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Merry Christmas! Santander Claus made a payment error of $ 176 million




A few tens of thousands of people woke up on Christmas Day to double pay and a higher-than-expected bank balance after Santander made an oopsie, depositing 130 million pounds (176 million dollars) in accounts held by their British customers. Santander now wants the money back, thank you.

The deposit accident was the result of a mysterious “planning problem”, according to The times, who first reported the story. The bank confirmed The Verge that some payments were accidentally doubled. (Santander characterizes it as a “technical problem.”) These transactions included transactions from 2,000 companies, as well as unintentional deposits in 75,000 accounts of individuals and companies such as a corporate Ebeneezer Scrooge who had been intimidated into generosity.

The bank is now working to undo that generosity, Santander confirmed. Unfortunately for Santander, many of the deposits were made to accounts with other financial institutions, including HSBC, Barclays and others. Santander will now use a process called “bank error recovery” to collect the funds, although it is unclear how many individuals have already spent the money, which could make this process a nightmare for the bank.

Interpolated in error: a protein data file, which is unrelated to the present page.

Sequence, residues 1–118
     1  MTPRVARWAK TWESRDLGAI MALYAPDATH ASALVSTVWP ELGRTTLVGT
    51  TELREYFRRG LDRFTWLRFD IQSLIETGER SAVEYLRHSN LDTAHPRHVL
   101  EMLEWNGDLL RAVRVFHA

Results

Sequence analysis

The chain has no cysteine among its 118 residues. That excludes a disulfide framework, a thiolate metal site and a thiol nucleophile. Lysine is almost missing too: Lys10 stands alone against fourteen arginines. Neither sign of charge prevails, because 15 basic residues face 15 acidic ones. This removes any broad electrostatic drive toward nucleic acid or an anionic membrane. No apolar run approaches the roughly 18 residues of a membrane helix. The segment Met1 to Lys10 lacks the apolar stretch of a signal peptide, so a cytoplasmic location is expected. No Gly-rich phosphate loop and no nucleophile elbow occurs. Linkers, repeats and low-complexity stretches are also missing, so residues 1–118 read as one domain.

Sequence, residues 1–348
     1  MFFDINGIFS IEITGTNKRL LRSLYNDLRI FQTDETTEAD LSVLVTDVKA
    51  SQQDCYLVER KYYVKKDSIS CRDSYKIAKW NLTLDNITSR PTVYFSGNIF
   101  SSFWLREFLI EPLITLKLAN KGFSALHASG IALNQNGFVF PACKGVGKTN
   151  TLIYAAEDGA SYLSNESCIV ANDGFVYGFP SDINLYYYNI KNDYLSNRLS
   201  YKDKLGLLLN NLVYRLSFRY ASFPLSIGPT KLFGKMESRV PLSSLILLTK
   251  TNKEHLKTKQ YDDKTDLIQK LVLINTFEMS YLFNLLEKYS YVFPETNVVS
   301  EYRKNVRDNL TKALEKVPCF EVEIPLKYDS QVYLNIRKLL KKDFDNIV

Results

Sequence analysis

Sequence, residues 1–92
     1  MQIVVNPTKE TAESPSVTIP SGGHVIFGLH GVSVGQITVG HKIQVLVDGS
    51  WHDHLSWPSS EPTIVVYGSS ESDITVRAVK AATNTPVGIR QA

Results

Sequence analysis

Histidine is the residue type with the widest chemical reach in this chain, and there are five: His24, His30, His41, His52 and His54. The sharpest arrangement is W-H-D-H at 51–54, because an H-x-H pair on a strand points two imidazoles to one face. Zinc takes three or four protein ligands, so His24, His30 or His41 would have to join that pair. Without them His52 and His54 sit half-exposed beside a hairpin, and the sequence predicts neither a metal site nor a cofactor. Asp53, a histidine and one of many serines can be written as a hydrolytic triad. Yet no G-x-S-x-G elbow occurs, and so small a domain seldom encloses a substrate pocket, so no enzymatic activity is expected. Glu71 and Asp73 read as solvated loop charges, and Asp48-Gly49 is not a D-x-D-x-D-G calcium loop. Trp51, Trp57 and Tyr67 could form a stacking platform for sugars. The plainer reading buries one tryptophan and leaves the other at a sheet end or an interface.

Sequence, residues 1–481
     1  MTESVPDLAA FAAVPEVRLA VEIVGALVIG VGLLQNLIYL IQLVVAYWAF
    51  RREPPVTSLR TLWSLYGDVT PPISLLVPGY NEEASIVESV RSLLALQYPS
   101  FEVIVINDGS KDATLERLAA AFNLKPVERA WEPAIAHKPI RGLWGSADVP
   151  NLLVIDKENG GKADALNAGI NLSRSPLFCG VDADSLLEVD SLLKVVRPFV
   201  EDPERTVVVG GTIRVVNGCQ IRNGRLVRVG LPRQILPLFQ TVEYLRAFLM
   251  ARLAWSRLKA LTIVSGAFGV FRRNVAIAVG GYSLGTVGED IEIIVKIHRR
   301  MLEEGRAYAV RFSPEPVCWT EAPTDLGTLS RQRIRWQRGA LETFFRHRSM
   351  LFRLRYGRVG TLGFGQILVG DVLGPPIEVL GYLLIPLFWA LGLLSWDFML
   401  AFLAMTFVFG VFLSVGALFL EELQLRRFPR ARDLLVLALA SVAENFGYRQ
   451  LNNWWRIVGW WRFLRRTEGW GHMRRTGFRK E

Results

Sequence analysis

By the way, it is not uncommon for large sums of money to be deposited in the wrong accounts. In April became New York Times reported that a Louisiana woman was charged with fraud after failing to return $ 1.2 million incorrectly deposited into her account by Charles Schwab, who had originally intended to move only $ 82.56 into a Fidelity account. Kelyn Spadoni had used the funds to buy, among other things, a house and an SUV. She was then fired from her job as a 911 clerk.

Chase Bank, meanwhile, mistakenly deposited $ 50 billion into a Louisiana account earlier this year. In another statement CNN in July, Chase Bank blamed the problem on a “technical error”, adding that the account was eventually returned to proper balance.

In most cases, as with the mentioned goofs, misappropriated funds should be returned. A notable exception is Citibank’s $ 900 million error. By random conduction of almost one billion dollars to hedge funds, some of these hedge funds decided to keep the money – and a court ruled that it was perfectly fine, due to existing loan terms and complicated systems that Citi had in place to send funds.

Unfortunately, “finders keepers” probably does not apply to the Santander audience.



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